As a four-year-old boy, Andrew Unsworth viewed the couch as his organ. While his mother played organ music, he sported his little black boots as organ shoes and “played the couch.”
Unsworth found the sound of the organ to be “beguiling and powerful.” While his mom had to nag him to practice the piano, “when I started taking organ lessons, I would get in trouble for staying too long at the church to practice.”
Now one of the five organists for the Tabernacle Choir at Temple Square, Unsworth calls playing the iconic Tabernacle organ with the famous choir a “dream come true.”
“I remember very well the first time I played the Tabernacle organ,” he said. “I was so excited; it was a Christmas morning kind of excitement.” The Tabernacle organ is one of the most notable instruments in America due to its size and tonal design, according to the Tabernacle Choir’s website.
Unsworth was only 17 years old when he first sat on that organ bench: “I was sold after that.”
A Tabernacle Choir organist since 2007, Unsworth has grown accustomed to the rhythm of frequent recitals, broadcasts and performances. But when the COVID-19 pandemic hit, “that rhythm all got thrown out the window.”
The century-long tradition of daily organ recitals at Temple Square took a brief hiatus when COVID-19 hit, but Unsworth and his four fellow organists recently came up with the idea to livestream recitals online.
“It’s really wonderful that we have the technology to do this sort of thing,” he said. The first 45-minute concert, “Piping Up: Tabernacle Organists in Concert,” will air June 17 at 7 p.m. MDT on the choir’s YouTube channel, the choir’s website and the Church’s live watch page.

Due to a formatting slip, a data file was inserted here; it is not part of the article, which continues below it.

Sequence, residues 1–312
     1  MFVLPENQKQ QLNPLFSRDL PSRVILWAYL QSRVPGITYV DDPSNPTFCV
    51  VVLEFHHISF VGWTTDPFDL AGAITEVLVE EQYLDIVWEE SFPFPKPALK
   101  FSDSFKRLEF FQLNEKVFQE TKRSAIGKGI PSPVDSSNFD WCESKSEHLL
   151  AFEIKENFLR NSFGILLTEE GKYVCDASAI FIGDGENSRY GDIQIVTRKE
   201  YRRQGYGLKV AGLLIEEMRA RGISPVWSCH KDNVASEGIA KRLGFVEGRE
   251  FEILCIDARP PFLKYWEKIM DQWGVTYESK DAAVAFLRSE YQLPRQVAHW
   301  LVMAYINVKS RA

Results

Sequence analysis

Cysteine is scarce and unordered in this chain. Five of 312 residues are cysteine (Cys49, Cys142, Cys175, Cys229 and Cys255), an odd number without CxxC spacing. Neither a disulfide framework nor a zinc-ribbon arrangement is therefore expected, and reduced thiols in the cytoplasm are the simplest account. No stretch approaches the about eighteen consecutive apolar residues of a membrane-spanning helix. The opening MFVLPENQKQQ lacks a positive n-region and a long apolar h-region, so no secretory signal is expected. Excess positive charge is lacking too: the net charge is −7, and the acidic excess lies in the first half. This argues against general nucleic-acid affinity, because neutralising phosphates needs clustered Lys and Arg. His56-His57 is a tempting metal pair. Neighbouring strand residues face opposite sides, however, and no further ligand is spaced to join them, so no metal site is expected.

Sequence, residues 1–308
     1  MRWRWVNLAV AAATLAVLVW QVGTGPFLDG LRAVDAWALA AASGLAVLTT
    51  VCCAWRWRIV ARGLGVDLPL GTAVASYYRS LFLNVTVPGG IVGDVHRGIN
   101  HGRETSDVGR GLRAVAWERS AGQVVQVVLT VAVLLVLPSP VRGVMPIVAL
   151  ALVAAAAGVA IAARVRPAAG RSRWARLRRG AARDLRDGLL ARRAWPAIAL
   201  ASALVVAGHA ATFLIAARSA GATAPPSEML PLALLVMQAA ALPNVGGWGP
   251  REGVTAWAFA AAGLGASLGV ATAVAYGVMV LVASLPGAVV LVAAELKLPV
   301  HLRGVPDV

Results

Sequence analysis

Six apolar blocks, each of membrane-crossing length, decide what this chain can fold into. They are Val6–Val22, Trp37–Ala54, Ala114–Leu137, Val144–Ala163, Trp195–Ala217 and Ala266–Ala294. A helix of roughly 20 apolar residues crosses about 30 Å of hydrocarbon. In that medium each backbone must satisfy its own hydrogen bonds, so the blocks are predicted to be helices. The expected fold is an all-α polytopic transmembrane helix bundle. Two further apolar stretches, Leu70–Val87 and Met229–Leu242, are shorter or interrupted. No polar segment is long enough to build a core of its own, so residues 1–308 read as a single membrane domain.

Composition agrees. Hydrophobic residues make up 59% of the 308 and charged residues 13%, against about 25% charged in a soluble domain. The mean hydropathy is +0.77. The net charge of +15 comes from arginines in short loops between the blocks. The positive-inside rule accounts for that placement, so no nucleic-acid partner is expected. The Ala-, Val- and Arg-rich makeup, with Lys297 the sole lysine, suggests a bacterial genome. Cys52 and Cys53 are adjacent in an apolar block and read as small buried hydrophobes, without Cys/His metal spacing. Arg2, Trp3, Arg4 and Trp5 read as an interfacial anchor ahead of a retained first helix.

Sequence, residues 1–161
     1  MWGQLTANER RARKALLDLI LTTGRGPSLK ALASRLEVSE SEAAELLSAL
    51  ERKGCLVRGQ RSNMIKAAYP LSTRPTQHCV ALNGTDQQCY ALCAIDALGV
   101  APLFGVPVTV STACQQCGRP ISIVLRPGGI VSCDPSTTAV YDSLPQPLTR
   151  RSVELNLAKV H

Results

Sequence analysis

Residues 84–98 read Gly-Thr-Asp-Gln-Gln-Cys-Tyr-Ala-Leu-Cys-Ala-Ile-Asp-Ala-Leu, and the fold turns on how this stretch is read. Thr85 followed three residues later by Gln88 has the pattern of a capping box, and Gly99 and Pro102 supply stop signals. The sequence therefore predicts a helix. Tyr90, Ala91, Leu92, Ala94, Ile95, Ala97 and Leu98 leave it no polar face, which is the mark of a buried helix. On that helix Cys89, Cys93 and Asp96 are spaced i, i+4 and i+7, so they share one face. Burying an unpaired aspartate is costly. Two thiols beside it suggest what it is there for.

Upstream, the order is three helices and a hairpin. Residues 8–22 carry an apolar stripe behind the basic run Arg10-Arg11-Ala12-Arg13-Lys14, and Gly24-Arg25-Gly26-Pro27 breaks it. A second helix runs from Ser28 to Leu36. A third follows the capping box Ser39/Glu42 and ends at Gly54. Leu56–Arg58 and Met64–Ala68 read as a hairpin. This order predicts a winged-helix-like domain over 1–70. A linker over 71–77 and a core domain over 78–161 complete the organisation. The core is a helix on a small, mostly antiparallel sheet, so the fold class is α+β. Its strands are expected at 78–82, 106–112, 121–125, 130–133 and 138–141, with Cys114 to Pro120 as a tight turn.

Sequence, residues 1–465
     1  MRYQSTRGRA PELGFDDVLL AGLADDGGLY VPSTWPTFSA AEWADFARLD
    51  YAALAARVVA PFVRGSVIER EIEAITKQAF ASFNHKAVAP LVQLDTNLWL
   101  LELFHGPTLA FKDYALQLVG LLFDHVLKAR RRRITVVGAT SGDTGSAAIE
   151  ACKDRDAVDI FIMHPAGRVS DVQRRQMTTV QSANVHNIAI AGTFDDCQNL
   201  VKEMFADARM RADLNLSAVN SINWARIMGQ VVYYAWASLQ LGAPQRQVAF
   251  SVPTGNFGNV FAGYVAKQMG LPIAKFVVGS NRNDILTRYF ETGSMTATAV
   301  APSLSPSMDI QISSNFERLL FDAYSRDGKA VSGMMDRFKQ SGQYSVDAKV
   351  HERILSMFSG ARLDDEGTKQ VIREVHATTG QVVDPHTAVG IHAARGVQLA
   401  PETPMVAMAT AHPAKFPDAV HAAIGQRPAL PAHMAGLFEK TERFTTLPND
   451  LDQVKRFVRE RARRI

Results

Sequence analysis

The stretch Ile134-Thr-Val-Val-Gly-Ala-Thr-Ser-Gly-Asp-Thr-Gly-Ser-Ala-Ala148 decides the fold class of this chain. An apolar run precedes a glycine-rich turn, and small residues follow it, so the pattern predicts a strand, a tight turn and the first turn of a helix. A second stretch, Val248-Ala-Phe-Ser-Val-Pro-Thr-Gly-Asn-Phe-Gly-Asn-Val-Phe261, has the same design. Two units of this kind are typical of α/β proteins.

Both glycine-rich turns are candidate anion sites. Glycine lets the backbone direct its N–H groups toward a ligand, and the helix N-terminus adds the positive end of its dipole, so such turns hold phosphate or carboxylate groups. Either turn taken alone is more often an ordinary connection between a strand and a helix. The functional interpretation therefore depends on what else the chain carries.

Following the June 17 event, regular recitals will be streamed Mondays, Wednesdays and Fridays at noon MDT, beginning Monday, June 22.
Unsworth said he spends the majority of his time as a Tabernacle organist practicing and perfecting his craft. But when everything was cancelled due to the COVID-19 crisis, he took the opportunity to learn new music, write music and work on projects that have been on the back burner.
“At first it was great, and then it got to be a little weird,” he said, adding that performances focus his practice, so to not have any performances for a while was unusual.
Grateful recitals are starting up again, Unsworth said he is looking forward to “communicating my love for what’s beautiful in music to other people.”